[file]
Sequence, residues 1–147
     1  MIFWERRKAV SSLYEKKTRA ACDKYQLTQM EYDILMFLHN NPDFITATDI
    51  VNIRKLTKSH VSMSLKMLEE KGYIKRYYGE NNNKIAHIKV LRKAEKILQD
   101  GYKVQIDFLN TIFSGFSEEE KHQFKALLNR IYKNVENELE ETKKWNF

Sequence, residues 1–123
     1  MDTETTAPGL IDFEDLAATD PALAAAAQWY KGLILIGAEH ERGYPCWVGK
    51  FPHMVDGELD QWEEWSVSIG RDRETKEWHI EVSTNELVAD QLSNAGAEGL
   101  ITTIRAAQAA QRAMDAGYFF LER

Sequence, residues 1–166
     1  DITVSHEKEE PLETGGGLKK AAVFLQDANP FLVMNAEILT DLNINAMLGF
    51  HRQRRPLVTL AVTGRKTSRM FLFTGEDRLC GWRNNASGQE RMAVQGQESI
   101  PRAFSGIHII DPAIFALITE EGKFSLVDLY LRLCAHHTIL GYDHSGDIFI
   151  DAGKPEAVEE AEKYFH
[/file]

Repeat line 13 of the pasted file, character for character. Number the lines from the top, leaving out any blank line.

   151  DAGKPEAVEE AEKYFH